University of Hong Kong, Hong Kong
The University of Hong Kong, Hong Kong
Danny Chan is a professor at the School of Biomedical Science in the University of Hong Kong, Li Ka Shing Faculty of Medicine. He graduated from the University of Melbourne, with a Bachelor of Science (Hons), Master of Science and Doctor of Philosophy.
His research interest is in skeletal biology, focusing on development, growth and degenerative processes of the skeleton in health and disease. Professor Chan is currently coordinating a Human Genetic Programme to identify genetic risk factors for intervertebral disc degeneration, a major cause of back pain. He has a particular interest in rare diseases of the skeleton and in recognition of his achievements, he received an award for excellence in medical research from the Premier of Victoria in Australia, and recently, the Croucher Senior Research Fellow Award in Hong Kong, and the SY and HY Cheng Professor in Stem Cell Biology and Regenerative Medicine. In knowledge exchange, he and his research team helped to initiate “The Little People of Hong Kong” Foundation in Hong Kong, an NGO for the patient groups, and to increase the community’s awareness of the needs of patients with rare skeletal disorders in Hong Kong. He is also a council member of Hong Kong Alliance for Rare Diseases, advocating for the needs of rare disease people in our society.
Professor Chan is the Assistant Dean for Research and Research Postgraduate studies, as well as the Deputy Director for Development and Education for Research Integrity at the University of Hong Kong. He is involved in the education of responsible conduct of research to students and academic staff, and has a strong interest in promoting high quality research environment at the university, and sharing experience through networking with regional and international institutions to foster responsible conduct of research.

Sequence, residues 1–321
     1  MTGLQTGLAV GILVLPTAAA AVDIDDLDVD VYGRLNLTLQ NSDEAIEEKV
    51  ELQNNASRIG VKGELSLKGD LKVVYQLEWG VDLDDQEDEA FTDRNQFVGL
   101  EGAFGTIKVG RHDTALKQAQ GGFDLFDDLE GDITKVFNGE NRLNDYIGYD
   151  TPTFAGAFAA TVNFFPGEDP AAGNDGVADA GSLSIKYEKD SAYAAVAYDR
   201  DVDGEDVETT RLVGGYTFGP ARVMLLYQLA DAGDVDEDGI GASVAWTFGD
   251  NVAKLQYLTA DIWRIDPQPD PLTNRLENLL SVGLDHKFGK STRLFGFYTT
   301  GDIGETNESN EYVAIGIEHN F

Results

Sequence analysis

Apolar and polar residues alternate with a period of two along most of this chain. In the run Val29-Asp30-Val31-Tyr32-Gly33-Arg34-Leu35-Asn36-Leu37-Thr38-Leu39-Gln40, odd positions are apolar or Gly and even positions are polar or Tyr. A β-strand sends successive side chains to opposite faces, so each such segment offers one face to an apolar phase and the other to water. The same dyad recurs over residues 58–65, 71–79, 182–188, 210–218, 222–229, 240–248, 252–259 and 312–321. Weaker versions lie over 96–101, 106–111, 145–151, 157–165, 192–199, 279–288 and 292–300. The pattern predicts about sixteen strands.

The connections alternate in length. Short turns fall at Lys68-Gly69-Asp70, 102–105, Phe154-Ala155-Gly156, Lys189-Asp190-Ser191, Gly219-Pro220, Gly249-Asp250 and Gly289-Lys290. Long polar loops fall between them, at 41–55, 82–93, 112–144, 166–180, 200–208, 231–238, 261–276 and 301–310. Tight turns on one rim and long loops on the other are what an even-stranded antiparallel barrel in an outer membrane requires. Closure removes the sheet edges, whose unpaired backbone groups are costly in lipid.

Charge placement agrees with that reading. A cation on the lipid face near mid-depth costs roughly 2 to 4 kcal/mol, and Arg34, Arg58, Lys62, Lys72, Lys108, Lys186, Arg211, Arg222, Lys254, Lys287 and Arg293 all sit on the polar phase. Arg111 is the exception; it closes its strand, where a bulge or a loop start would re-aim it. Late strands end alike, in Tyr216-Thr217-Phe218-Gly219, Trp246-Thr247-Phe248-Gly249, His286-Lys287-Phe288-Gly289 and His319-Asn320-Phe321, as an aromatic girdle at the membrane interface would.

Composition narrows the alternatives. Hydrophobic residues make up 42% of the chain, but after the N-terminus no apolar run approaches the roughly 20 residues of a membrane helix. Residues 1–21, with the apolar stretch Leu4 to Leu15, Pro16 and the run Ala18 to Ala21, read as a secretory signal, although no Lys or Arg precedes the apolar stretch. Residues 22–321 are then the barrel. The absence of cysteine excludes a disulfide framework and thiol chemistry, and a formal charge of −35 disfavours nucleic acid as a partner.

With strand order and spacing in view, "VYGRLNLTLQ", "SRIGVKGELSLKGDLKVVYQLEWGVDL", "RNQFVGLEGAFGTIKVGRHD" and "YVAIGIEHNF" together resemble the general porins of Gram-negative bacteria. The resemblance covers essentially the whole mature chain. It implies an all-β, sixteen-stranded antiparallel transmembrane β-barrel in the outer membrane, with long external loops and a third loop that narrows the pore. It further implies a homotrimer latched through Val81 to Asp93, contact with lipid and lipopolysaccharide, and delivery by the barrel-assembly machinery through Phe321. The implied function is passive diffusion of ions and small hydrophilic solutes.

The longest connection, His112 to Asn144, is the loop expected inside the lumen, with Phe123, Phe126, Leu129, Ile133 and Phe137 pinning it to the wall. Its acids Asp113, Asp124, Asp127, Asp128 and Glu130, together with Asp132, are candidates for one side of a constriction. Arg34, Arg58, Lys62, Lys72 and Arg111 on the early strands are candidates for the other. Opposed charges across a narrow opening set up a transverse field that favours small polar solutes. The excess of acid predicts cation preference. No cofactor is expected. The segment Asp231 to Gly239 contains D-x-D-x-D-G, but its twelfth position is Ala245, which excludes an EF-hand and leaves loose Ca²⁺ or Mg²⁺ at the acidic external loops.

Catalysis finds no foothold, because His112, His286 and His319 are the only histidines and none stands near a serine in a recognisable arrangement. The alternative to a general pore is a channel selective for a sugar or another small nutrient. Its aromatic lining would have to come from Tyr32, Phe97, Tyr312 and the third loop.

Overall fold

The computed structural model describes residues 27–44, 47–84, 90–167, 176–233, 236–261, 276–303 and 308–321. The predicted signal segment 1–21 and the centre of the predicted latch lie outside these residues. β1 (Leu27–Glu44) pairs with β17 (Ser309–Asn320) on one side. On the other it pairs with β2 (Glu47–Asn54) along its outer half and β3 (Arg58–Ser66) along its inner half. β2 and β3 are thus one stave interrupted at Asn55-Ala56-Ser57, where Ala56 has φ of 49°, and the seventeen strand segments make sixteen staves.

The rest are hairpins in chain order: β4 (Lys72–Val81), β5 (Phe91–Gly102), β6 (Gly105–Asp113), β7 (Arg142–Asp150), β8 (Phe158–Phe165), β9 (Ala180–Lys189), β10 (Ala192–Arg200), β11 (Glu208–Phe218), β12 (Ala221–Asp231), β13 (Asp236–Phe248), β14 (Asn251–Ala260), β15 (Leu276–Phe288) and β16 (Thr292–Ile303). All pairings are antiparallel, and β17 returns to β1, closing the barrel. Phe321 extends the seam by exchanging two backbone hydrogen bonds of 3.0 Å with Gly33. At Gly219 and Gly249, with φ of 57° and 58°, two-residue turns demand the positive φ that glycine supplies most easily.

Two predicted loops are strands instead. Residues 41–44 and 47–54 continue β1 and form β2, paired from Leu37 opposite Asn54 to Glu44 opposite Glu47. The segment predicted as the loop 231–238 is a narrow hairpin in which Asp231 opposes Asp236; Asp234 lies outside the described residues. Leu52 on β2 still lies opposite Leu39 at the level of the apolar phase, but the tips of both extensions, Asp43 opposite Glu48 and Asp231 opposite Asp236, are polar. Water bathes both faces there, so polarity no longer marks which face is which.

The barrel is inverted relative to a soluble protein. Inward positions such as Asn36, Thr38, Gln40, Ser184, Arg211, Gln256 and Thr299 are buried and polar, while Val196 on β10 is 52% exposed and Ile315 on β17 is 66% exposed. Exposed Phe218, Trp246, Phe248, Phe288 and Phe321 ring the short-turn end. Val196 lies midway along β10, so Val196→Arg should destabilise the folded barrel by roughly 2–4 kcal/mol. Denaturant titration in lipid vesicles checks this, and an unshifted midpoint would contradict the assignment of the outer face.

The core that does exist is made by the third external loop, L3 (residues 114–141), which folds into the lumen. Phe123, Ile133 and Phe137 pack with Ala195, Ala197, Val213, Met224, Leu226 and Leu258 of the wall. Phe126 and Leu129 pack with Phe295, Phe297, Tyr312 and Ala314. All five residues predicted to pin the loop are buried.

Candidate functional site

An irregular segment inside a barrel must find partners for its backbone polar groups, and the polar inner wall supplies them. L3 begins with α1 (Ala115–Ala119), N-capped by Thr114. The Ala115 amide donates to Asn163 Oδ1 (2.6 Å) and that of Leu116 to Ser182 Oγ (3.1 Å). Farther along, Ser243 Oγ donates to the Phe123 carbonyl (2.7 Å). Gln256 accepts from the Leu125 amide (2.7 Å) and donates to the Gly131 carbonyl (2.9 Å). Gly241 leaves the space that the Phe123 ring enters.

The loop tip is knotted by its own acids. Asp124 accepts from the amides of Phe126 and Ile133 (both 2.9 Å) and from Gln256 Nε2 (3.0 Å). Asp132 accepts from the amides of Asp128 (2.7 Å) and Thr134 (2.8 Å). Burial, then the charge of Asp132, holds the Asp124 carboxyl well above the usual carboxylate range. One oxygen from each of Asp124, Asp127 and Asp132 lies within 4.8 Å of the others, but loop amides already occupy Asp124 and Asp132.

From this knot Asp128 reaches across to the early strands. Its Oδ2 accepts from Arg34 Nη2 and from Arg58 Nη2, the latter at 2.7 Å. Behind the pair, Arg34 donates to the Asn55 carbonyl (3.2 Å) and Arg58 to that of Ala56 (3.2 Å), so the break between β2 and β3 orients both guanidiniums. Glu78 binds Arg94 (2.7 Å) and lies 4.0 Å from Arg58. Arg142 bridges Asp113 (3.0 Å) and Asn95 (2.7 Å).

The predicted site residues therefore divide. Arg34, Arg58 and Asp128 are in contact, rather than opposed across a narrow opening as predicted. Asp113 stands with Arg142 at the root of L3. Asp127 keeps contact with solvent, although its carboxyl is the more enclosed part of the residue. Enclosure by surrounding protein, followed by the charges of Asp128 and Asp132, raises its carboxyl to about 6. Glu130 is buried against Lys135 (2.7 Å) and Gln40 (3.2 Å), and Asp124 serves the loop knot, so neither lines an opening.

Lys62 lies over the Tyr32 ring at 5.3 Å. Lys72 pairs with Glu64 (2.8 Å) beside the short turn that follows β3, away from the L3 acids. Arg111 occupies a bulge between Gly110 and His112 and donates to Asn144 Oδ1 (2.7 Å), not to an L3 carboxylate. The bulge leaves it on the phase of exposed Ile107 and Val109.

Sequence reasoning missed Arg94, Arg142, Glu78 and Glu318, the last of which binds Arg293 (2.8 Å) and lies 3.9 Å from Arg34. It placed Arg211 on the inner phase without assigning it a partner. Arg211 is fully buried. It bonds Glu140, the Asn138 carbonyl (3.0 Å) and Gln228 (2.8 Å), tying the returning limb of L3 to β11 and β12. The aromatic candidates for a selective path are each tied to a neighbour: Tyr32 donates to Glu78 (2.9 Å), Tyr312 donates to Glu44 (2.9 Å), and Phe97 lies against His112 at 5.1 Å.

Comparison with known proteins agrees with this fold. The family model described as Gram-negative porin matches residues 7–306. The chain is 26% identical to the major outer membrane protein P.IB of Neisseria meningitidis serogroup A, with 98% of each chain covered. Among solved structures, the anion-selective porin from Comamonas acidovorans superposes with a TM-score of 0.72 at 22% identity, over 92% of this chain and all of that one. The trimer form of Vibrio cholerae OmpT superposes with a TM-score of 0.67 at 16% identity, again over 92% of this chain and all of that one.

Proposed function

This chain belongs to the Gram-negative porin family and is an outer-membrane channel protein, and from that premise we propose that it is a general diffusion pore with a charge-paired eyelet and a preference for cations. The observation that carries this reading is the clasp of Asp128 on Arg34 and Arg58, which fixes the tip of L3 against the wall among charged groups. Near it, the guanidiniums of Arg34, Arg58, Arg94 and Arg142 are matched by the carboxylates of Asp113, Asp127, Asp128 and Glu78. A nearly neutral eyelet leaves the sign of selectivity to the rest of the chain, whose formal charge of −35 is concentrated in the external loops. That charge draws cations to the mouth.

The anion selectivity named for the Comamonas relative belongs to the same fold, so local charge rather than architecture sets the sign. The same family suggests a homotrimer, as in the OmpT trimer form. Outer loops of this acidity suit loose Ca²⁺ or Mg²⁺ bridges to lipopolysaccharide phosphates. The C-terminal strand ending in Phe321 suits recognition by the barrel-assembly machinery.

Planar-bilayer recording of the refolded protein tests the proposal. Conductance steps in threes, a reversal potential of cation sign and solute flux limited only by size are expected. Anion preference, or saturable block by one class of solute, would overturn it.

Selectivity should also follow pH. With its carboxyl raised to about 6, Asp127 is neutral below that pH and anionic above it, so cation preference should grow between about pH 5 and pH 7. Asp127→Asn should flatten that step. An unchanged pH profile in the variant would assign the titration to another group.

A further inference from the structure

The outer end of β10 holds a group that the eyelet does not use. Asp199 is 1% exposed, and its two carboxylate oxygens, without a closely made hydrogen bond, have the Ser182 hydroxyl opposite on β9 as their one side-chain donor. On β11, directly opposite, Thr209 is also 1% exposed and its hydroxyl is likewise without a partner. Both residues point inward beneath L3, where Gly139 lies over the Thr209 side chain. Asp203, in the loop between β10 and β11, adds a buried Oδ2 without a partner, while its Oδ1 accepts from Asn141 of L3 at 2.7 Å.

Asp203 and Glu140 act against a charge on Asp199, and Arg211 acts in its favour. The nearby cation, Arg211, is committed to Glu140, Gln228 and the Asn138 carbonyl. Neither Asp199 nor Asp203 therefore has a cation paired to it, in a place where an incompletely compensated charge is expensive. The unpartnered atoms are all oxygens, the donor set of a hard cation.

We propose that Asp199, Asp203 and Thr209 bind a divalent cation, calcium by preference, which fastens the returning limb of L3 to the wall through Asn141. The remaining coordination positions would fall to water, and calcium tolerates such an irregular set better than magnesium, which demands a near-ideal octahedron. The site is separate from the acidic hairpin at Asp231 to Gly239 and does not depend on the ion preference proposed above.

Fostering Open Science, Reproducibility and Trust in Research
Trust in research has been challenged when reproducibility is been questioned. The lack of reproducibility is one of the top priorities for many institutions and funding bodies that needs to deal with. However, these can have legitimate and biological reasons that are not due to slopping or fraudulence science, but it is become a slippery slope for many researchers under the current funding and award systems. Thus, while many institutions, HKU included, wish to promote the fostering of open science and to enhance scientific rigor in research, it is important to understand the root of the problem and to critically evaluate the research environment to enable effective education and development of responsible conduct of research. In this presentation, activities within HKU addressing these issues will be discussed from the perspective of my role as an educator in laboratory research, research postgraduate student affairs, and responsible conduct of research at HKU.